Plantar Fasciitis (which is now termed plantar fasciopathy) is quite a common condition which results in pain at the front of your heel in your foot. It can be especially common in runners but people who are not overly active can suffer with this also.
Plantar Fasciopathy can be difficult to resolve if it not addressed properly at the right time and it can often affect someone’s running and activity for months.
It occurs when the plantar fascia, which is tissue on the bottom of your foot, becomes overloaded and irritated, resulting in pain when walking, running and anything that puts a load through your foot.
A very common symptom is heel pain first thing in the morning when your put your foot to the floor.
The common old way of treating it was to stretch it, put on a cumbersome sock at night to try and resolve it and to take anti -inflammatories.
Fortunately, there are better ways to treat it and I will got through some of the methods that we use here, at Midlands Physical Therapy.
Address it early
There are two stages that plantar fasciopathy can go through. An early acute stage and a post acute stage.
In the acute stage the plantar fascia is quite sensitive and irritated and what we need to do is to try and reduce this sensitivity and calm it down.
This will mean modifying your activity levels and if you are a runner, it will mean cutting back and sometimes stopping running, to allow it to settle.
There are a few things you can try like heel cups, to raise your heel and take the pressure off the plantar fascia and icing it may help reduce the pain.
At Midlands Physical Therapy we also check to see why the plantar fascia is getting irritated in the first place. That may be because your calf or hamstring is not happy taking the force from the ground and distributing it from your foot up to your hips, meaning plantar fascia may be absorbing too much force.
Or if you are a runner, perhaps there an issue with your other leg and one foot is having to take much pressure when you are running.
There is no cookbook recipe and it will depend on the person and the stressors that person has encountered, that has led to the problem developing.
This is where understanding the persons story is very important.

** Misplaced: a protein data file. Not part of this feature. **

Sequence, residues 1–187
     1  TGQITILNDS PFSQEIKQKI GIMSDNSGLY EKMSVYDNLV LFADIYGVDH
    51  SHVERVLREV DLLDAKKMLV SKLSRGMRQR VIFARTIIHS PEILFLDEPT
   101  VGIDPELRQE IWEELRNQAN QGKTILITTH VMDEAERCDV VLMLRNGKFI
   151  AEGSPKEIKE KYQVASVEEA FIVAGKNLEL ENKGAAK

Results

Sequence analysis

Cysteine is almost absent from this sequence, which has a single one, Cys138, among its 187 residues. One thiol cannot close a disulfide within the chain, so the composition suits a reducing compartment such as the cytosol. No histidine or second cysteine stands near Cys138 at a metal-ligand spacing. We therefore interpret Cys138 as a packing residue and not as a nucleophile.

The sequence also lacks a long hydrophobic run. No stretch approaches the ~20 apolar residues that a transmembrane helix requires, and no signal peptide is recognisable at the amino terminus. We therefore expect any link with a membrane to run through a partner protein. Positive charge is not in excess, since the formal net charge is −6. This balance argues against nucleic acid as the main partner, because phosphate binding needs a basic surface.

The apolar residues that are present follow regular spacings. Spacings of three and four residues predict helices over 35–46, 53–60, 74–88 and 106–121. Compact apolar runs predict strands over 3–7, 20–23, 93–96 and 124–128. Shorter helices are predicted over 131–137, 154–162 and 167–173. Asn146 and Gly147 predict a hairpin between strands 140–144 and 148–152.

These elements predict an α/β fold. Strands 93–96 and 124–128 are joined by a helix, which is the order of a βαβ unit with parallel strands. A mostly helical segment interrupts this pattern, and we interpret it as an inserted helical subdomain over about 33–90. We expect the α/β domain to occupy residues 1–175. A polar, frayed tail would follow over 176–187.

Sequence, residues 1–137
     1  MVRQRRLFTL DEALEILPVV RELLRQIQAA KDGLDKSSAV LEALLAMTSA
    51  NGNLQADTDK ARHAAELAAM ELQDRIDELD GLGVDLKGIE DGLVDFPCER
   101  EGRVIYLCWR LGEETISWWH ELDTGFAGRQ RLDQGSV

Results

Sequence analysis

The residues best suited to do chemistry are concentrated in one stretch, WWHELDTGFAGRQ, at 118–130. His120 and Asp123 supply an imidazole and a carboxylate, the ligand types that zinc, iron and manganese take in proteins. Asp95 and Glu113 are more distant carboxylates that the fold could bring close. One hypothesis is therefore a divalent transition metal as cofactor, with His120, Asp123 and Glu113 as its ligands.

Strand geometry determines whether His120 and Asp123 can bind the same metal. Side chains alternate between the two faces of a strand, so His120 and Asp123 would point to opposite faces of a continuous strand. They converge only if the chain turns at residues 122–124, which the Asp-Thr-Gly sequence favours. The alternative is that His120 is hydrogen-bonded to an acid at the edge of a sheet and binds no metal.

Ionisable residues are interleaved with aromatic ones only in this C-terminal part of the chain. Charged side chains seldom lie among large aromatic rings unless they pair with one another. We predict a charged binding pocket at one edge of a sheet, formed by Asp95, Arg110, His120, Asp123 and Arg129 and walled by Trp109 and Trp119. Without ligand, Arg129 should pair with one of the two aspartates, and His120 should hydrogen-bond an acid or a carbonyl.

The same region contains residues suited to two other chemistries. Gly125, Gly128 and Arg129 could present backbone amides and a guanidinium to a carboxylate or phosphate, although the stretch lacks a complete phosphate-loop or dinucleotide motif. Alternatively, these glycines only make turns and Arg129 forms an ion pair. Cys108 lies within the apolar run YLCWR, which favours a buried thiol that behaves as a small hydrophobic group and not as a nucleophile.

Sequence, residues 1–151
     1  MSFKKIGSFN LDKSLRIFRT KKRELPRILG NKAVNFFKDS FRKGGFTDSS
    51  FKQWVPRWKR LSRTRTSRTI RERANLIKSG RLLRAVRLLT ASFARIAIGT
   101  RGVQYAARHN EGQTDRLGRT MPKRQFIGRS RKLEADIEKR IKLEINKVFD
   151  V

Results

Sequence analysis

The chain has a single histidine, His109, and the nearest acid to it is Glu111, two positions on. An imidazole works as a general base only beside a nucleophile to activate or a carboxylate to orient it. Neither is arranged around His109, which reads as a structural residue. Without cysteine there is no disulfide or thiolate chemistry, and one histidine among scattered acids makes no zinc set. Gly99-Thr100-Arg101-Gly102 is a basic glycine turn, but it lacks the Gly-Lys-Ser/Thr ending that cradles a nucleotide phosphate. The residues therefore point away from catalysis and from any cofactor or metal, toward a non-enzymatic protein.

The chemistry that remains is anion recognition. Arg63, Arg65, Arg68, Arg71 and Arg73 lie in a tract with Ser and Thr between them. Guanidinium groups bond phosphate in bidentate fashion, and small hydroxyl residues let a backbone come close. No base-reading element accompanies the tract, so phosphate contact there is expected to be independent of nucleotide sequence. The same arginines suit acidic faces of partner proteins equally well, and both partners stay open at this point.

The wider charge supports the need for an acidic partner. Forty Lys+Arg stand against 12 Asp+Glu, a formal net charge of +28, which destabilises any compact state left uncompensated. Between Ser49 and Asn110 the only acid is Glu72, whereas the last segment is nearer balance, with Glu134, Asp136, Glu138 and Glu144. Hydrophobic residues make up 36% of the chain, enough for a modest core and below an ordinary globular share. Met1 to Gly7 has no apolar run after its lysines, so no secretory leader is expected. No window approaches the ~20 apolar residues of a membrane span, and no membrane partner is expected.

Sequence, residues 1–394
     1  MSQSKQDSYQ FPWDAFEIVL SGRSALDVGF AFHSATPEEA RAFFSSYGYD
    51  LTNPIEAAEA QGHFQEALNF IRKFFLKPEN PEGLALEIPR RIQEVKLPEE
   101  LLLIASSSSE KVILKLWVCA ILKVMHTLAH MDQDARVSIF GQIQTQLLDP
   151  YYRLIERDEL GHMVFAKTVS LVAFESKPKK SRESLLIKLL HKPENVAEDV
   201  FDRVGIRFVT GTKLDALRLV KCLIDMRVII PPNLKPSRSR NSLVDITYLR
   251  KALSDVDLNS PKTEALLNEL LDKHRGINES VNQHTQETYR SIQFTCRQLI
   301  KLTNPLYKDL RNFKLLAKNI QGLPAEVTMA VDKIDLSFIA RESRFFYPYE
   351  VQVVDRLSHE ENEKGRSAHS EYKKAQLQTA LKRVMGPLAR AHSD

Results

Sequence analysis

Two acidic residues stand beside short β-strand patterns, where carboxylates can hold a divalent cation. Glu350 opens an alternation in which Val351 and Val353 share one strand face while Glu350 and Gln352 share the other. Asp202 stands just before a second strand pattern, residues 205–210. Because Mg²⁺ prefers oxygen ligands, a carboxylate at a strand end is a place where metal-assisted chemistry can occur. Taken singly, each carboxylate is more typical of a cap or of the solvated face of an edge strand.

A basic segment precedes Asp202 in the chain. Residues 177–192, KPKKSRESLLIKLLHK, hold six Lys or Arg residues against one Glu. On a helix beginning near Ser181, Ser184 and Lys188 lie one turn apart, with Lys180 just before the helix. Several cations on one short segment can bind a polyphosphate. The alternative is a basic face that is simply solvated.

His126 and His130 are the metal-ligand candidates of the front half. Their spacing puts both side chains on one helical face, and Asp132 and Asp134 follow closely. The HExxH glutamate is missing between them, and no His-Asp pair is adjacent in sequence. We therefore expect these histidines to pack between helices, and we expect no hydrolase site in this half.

Range of movement is a big factor
Ensuring that your ankle, foot and big toe has good range of movement is also key. A restriction in any of these movements can result in too much pressure going through the plantar fascia.
Having adequate movement in your big toe is vital for toe off in running or walking and is one that I often find to be restricted in people with foot problems.
Hands on treatment and specific exercises can be very useful in restoring movement through the foot and ankle, helping to take away any excessive and protective tone from ligaments and tissues in the foot and leg.
Safely load and progress it.
Once we have restored good movement through the foot and got the initial sharp pain to settle we can then look at strengthening the area so your body is happy returning to activity putting force through the foot again.
This is where a lot of people can get caught out because they think that once the pain is gone, the problem is gone.
However, pain is not a good guide to tell when you it is safe to go back to full activity. If you have not exposed you body to the stress that is going to be getting during running or exercising, how can you expect it to tolerate it.
At my clinic, we use a step a step progression to help people return to their favorite activity in a safe way. Which means when they return to running or activity, we are confident that the problem will not return, because we have exposed you the movements and stresses that you are going to encounter.
Patience is needed
One of the things that cannot be predicted with plantar fascia problems is how long it will take to get better and this can be frustrating for people as, naturally, they want to get back to activity as soon as possible.
This is why I like to plan out the persons road to recovery so they can see where they are at and what needs to be done to get them to their ideal outcome.
But, if the treatment is addressed in the right way and the right steps are taken, it can result in a much quicker recovery and return to exercise.
If you are
Struggling with a plantar fascia problem or any problem that is affecting your ability to exercise or run, then reach out, ask for help and don’t try to struggle through it alone.
It can result in you getting back to doing your favorite much quicker, without loosing weeks to frustration and annoyance.